KingmanHighborn starts to really get it though: having humans and elves and dwarves is not **less** lazy than having catfolk. I mean, seriously, what could be more lazy than,

Quote:

GameDesigner1: We've got this whole universe with entirely different rules, that are so strange to us we would call them magic! What kind of cool creature would inhabit such a place?

GameDesigner2: Ooh, ooh! I have a cool idea! What if there were intelligent creatures that could think in symbols and express those symbol-ideas using either or both of sound-symbols and visual symbols? They could give birth to live young and - get this! - be bipedal! If we wanted to go all out with the creativity, we could put their sense organs on a specialized limb we could call a "head" at the top of the bipedal body, so that in it's normal walking position it would be as far from the ground as possible. Wow, it would be totally freaky just trying to figure out how to create rules for the perception skill with such a strange positioning of sense-organs, but we could do it? What sorts of senses should we give it?

GameDesigner1: Well, I was thinking we could give it one or two chemical senses - maybe one for sensing airborne chemical sense and another for chemically sensing ingested substances? Then we could give a sense that detects fluid vibrations from about 20 or 30 cycles a minute to about 15,000 to 25,000 cycles per minute. Maybe some sort of electro-magnetic wave based sense as well?

GameDesigner2: Oh, I like it, that's wicked original. What do you think we should call these things?

GameDesigner1: What do you think of ...humans??

The point, of course, is that if you think "Catfolk" is boringly unoriginal, why aren't you even more annoyed at the inclusion of orcs, elves, halflings, and, especially, humans?

Some people here seem to think "Catfolk" is lazy thinking, but "elves" is somehow...not. And humans being in a world of magic is completely overlooked as an issue by too many.

So kudos to KingmanHighborn for at least attempting to make that point.

Then, what happens?

Atarlost sees that people are annoyed at the lazy lack of creativity implied in "Catfolk" and adds this in reference to KingmanHighborn highborn's statement on Catfolk's "right to exist" in the face of people insisting Catfolk are a "lazy" game design choice:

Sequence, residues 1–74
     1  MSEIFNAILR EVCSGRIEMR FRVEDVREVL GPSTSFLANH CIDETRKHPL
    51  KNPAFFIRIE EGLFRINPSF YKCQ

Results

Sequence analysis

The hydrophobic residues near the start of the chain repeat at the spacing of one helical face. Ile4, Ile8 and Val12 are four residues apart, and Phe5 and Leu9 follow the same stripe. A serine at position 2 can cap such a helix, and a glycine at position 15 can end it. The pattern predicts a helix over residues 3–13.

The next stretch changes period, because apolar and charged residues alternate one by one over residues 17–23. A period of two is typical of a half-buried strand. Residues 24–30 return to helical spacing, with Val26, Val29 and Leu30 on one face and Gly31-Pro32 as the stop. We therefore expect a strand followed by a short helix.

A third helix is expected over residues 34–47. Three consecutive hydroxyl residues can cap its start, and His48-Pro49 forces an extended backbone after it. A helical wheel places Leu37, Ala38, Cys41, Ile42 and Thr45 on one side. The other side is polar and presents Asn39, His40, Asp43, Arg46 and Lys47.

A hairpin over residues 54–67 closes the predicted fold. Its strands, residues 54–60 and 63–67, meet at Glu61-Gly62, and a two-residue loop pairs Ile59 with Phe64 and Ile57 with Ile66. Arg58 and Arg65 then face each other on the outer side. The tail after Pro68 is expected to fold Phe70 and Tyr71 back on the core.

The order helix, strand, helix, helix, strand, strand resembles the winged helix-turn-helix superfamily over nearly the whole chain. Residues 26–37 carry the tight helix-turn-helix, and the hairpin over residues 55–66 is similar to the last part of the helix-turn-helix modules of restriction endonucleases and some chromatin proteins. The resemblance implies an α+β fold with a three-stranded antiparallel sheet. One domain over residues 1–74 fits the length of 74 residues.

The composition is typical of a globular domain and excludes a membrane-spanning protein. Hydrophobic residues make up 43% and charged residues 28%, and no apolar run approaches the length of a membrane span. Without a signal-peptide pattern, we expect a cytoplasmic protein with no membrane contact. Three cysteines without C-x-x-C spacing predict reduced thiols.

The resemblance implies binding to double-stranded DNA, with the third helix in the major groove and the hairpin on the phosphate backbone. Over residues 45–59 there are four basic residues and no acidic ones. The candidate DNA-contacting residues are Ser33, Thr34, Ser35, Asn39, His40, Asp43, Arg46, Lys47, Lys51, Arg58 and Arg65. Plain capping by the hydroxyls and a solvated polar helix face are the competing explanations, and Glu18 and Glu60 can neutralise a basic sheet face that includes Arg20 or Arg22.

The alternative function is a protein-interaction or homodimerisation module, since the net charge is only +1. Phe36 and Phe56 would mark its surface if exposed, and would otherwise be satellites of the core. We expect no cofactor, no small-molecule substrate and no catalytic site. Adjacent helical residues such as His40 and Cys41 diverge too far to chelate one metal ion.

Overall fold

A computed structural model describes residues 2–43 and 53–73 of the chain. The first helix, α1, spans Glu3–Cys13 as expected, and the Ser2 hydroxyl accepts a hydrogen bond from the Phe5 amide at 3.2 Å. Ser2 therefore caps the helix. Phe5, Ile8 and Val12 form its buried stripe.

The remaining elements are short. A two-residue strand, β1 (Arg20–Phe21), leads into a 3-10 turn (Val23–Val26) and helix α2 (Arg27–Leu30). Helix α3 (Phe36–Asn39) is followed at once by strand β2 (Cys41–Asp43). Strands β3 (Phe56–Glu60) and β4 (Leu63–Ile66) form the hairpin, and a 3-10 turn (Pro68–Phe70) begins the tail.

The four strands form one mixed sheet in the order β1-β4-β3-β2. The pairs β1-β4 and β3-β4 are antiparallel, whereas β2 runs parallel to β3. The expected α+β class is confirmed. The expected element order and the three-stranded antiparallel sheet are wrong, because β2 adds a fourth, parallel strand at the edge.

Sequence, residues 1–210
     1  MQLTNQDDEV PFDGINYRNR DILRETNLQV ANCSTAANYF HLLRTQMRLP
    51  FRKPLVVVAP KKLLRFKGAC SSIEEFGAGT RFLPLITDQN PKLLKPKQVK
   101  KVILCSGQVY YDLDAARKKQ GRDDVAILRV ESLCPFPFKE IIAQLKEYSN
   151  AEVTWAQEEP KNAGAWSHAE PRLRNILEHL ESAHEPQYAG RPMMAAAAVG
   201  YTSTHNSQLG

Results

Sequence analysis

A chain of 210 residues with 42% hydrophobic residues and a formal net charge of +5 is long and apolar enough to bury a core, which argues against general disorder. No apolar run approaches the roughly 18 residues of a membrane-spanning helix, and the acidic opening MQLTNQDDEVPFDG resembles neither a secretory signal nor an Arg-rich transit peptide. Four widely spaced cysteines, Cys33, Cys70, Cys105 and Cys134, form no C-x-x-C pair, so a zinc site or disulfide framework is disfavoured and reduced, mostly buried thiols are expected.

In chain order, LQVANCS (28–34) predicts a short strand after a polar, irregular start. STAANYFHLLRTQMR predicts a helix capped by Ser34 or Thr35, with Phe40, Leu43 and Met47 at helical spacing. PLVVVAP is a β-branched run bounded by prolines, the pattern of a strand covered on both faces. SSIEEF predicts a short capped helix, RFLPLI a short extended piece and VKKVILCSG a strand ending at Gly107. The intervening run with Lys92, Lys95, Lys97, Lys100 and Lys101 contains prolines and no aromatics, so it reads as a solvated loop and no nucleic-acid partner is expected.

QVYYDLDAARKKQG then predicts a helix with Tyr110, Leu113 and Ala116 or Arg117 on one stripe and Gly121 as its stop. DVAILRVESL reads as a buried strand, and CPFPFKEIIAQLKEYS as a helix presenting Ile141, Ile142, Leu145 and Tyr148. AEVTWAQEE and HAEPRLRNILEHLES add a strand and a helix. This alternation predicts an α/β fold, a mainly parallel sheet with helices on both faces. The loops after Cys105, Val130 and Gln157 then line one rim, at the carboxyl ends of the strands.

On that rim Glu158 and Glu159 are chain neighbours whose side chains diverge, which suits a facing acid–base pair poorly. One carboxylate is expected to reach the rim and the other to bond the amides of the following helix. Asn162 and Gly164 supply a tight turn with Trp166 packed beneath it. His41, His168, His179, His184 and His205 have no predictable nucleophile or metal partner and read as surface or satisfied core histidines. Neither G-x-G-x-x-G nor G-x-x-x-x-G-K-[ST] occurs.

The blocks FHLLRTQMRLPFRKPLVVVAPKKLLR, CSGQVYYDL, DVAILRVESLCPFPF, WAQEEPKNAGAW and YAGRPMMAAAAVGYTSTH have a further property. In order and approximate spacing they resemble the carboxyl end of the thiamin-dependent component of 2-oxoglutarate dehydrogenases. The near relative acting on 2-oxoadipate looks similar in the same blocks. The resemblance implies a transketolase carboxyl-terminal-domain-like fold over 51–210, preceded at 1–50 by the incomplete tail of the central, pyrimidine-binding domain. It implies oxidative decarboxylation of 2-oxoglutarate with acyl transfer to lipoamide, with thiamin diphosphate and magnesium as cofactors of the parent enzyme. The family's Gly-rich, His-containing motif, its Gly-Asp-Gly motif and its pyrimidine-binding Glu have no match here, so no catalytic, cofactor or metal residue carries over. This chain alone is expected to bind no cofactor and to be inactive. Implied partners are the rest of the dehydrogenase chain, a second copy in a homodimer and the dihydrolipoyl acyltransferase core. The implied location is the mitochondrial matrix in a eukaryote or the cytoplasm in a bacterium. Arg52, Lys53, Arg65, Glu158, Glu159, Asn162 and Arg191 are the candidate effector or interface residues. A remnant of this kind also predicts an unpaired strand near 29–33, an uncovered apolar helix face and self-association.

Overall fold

Quote:
No, they really don't. They're a lazy anthropomorphism.

Okay, so Atarlost is on board, right? Lazy = bad, and cat folk are a lazy game design choice, thus their inclusion is condemnable.

I think I've got it.

But just for clarity, Atarlost continues:

Quote:
Elves, Dwarves, Gnomes, and the various oriental and Indian races have a mythological basis. If anthropomorphic cats and rats had a mythological basis Paizo would have used the mythological terms like they did for the Indian races that many people don't recognize.

Umm, now I'm a bit confused. They're a lazy anthropomorphism ...that I grant. KingmanHighborn was saying that as well. But "Elves... have a mythological basis," is just another way of saying, "Elves have been used in lots of stories and other creative endeavors. No one attempting game design had to come up with them."

And, sure, Atarlost is correct about that. Elves do have a mythological history. They've been included in stories and games before. How does this make the case that Catfolk, being a lazy design choice, don't "deserve" to be in games as much as elves?

How can this really be read as anything other than, "Catfolk suck because lazy. But elves? Even more super-lazy, because you don't have to create nothin. Not even from such uninspired choices as JustLikeMe, but with cool abilities that I see everyday in a common domesticated animal I might even have been looking at while trying to come up with game design ideas. Nope, you just read the work of people whose highly derivative stories about elves were written 200 years ago, long before even more derivative stories came out. No imagining which abilities are appropriate to add to the humanoid form - it's already been done for you! Super, extra lazy! Therefore, the Catfolk, who are merely lazy design choices and not super-extra-lazy design choices do in fact, as aforementioned, suck."

but Atarlost isn't done:

Quote:
Halflings and Orcs at least predate D&D and halflings can be justified by runaway sexual selection.

Runaway sexual selection leads to luck bonuses? Who knew?

And, um, "they predate D&D and/or are logical outcomes of well-known processes operating on things we can see exist because they is us" isn't exactly making the case that they are any less lazy than Catfolk.

At least Atarlost is almost done, maybe we will finally see the point in all this verbiage arguing condemn-Catfolk-for-being-a-lazy-design-choice, but-don't-condemn-Paladins-or-Elves-or-Longswords-as-lazy-design-choices:
It's okay to have modern anthropomorphic races, but they're hardly in the "you can't have a wide market fantasy game without them" territory that humans and elves fall in, nor do they come with the respectability of Asian mythologies.

Ah. Humans and elves are so overused that you literally can't have a wide-market fantasy game without them.

Catfolk aren't.

So I guess the point is,

Quote: